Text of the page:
World's first taxis with easily swapped batteries hit Tokyo

Apr 26, 2010
One of the fleet of the world's first switchable-battery electric taxis rolls through a battery switching station in Tokyo. The world's first switchable-battery electric taxis hit the streets of the Japanese capital in a government-funded pilot project to test the emission-free cars.

The world's first taxis with easily replaceable batteries hit the streets of the Japanese capital Monday in a government-funded experiment.

The purpose-built cars that can run on easily swapped batteries -- rather than wait to be recharged or switch to other fuels -- were launched in Tokyo by Japan's energy agency.

Three cars based on the Nissan Dualis will operate as normal taxis on the city's streets during the 90-day experiment, a joint project with Better Place, a US firm specialising in providing electric vehicle infrastructure.

"Tokyo can become the capital of ," said Kiyotaka Fujii, president of the Japanese unit of Better Place.

Ordinary Tokyo taxis can clock up as many as 300 kilometres (186 miles) a day, the company says, and the city is by far the world's largest market with 60,000 cabs -- more than New York, Paris and London combined.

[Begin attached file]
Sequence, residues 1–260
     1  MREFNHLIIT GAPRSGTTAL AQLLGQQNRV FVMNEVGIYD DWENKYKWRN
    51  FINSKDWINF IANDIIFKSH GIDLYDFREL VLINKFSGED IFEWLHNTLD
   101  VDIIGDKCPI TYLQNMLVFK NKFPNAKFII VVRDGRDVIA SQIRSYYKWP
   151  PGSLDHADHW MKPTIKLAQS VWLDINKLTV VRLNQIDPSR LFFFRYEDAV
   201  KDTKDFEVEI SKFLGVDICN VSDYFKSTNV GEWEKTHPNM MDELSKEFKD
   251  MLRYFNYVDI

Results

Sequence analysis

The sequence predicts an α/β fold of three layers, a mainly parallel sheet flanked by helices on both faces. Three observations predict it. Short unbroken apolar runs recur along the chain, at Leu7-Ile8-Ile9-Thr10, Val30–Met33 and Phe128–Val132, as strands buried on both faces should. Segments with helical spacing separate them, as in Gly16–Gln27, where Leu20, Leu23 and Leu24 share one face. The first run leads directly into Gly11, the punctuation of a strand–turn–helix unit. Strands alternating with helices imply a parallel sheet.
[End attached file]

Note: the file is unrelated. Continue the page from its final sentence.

While taxis represent only two percent of all passenger vehicles in Tokyo, they emit about 20 percent of all (CO2) from vehicles.

"By building a good business model, we believe this technology can have a significant impact on the economy and society," Japanese energy agency official Minoru Nakamura told a press conference.

Explore further: Ambitious EU targets for renewable energies make economic sense

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not rated yet Apr 26, 2010
Success depends on the batteries' longevity, what with their daily recharging, probably twice a day for most of them. Do the companies own the batteries, or do the taxi-cab owners own the batteries? Most taxis I know of are privately owned and brokered, the plates privately owned and/or leased, etc. I know some taxi companies that are only a dispatch service, and they own no vehicles at all.
1 / 5 (2) Apr 26, 2010
I'd be very surprised if these batteries last more than 3 years.
5 / 5 (1) Apr 26, 2010
If you want more info about the project of better place http://www.youtub...Jt2KLC9k
not rated yet Apr 27, 2010
I'd be very surprised if these batteries last more than 3 years.

I feel certain that these batteries will not work, nor can experimenting improve the technology.
Endless idiotic comments. Trains can't go faster that 60mph. Planes cannot fly faster than the speed of sound. Marching morons edit reality.